Development assistance in the Pacific is another area of mutual interest with opportunity for growth.  Australia provides half of all official development assistance to Papua New Guinea and Pacific island countries (AUD$1.17 billion) and New Zealand spends more than half of its country programs budget on Pacific island countries. At the latest Pacific Islands Forum, the US showed that it is ready to lift a portion of the development aid load in the Pacific; US Secretary of State Hilary Clinton announced $32M in new aid programs 18 years after ending such programs in the Pacific.

 As former Director of the Central Intelligence Agency, Secretary Panetta should be attuned to the value that New Zealand provides as a voice and ear in the Asia-Pacific.  One Kiwi commentator wrote that New Zealand should be weary of his arrival in the country, and that the US will ask too much from Kiwis.  However, the RIMPAC ship porting issue notwithstanding, strategic and diplomatic relations between the US and New Zealand have moved forward since 2007.  Leadership of both states are keen to return to an era of stronger defense ties to help guarantee their security and to enhance stability in the Pacific.  Having met already this year in Washington, DC, the meeting this week between defense bosses is likely more of a touch point to ensure regular high-level dialogue occurs.  With the Washington Declaration in place and successes to build on from the past year, the additional avenues for deepening defense cooperation may be limited but may be milestones nonetheless.

Huntsman on Pragmatic US Foreign Policy in a Competitive Age

On Monday September 17, the Asia Society and George Washington University’s Sigur Center for Asian Studies hosted the event “In Conversation with Jon Huntsman.”  Moderated by David Shambaugh, the discussion covered questions for former Governor Jon Huntsman about the US political process, public service, US foreign policy, and current affairs in Asia.  While many of the topics Huntsman discussed involved reminding the audience that the geopolitical and economic position of the US is sliding, he remained optimistic that America’s values are still the “envy of the world” and urged younger generations to participate in the domestic and international policy process.   While being realistic about the challenges that the US faces, Huntsman offered areas to improve the country’s global image.  Both at home and abroad, the US must seek collaboration with partners to correct issues such as mistrust that perpetuate a fearful narrative of competition.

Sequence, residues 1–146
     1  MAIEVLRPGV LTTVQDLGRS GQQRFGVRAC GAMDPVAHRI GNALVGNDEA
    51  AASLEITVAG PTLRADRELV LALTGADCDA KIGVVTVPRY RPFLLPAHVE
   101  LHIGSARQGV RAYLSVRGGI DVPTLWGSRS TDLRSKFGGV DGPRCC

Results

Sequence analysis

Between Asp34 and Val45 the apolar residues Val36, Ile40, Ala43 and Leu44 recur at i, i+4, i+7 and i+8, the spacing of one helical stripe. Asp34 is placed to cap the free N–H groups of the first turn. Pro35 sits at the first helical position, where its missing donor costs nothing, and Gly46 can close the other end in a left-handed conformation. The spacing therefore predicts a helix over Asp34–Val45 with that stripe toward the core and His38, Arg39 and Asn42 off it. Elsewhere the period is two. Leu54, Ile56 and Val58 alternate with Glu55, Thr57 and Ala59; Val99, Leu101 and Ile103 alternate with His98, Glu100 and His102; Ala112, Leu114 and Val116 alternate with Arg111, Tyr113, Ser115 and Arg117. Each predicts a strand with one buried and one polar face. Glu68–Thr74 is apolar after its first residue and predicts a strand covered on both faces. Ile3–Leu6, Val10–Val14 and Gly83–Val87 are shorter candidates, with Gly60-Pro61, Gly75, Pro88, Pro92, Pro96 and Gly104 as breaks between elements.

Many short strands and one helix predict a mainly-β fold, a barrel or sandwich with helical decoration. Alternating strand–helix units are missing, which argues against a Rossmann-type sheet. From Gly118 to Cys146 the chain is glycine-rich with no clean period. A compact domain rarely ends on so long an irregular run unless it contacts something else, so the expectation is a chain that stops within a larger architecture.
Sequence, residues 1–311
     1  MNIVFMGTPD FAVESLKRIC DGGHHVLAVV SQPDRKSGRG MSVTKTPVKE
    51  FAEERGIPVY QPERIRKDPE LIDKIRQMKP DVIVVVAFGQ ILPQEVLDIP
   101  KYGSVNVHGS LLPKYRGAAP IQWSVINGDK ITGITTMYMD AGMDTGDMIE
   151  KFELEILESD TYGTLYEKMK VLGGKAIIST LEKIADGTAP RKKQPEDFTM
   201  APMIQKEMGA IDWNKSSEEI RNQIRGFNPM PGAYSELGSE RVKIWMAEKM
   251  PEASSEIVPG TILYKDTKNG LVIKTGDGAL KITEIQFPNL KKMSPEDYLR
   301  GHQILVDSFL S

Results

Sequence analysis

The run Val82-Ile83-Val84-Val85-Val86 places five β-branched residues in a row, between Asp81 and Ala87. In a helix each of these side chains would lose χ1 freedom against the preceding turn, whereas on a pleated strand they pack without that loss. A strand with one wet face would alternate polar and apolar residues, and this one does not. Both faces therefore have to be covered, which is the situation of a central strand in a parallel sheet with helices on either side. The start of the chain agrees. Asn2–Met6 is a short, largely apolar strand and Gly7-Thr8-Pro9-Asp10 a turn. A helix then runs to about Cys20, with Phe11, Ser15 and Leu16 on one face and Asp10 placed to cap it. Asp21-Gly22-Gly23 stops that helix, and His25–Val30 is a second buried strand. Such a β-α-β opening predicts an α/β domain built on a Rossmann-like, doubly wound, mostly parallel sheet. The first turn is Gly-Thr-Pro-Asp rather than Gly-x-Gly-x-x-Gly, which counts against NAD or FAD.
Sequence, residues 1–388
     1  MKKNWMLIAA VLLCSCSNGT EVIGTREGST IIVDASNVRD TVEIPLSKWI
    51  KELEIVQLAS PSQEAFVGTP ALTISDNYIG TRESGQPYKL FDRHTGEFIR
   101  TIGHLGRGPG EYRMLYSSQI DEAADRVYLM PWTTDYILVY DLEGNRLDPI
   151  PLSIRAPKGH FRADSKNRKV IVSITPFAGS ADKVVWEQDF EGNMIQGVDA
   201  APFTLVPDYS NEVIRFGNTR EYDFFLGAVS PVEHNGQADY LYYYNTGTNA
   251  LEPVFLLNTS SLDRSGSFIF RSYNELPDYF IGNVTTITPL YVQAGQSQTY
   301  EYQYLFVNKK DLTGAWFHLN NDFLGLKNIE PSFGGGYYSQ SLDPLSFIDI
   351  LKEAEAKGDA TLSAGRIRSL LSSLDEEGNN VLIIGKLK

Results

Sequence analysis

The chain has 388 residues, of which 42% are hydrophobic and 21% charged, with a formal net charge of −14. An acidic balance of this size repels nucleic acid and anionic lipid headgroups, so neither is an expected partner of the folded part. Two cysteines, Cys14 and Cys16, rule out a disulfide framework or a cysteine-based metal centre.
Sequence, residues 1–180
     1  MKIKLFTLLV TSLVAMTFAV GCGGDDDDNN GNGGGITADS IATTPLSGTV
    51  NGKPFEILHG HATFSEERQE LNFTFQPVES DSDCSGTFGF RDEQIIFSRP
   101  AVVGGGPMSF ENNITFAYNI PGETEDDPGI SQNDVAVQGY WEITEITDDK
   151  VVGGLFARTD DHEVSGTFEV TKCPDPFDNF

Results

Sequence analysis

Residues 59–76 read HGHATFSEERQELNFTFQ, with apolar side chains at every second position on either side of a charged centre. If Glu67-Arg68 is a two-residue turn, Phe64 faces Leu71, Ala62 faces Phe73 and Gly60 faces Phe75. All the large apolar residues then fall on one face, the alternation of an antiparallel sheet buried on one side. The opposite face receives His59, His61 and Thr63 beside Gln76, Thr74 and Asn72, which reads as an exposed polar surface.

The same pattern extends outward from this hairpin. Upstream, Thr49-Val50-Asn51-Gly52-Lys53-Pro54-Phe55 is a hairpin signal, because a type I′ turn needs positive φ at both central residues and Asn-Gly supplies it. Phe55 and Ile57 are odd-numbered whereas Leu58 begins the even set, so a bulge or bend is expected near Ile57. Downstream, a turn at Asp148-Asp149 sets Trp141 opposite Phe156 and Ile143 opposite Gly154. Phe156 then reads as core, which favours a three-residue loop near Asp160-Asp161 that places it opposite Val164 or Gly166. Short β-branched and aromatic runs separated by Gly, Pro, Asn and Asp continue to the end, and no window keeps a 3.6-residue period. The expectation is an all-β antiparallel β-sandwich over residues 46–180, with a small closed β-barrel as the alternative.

‘Cleaning up’ the economy and politics

 At least three times, Huntsman mentioned crony capitalism, and emphasized that the US has a lot of “cleaning up to do.”  He offered solutions to help mitigate the “trust deficit” in the US, such as Congressional term limits, eliminating super pacs, and expanding participation in democracy by improving voter turnout.  For an effective foreign policy, according to Huntsman, Americans “need to be united on the home front.”  With a weak economy, the US has no leverage in international trade negotiations which seek fewer restrictions on trade barriers. 

 With the world lacking leadership, the Obama Administration has attempted to project its strategic turn to the Asia-Pacific.  However there will always be a concern that the US may be unable or unwilling to sustain its role in the region given the lack of a concerted world view.  In line with current government officials, Huntsman believes that the future of the US does not lie in Iraq and Afghanistan, but in Asia.  Huntsman proposed that the youth of today should have linkages with Asia in the same way that earlier generations had with Europe, participating in a shared culture and exchanges.  Seemingly optimistic, Huntsman said it boils down to the “people to people” relationships and connections to reinforce and strengthen US foreign policy.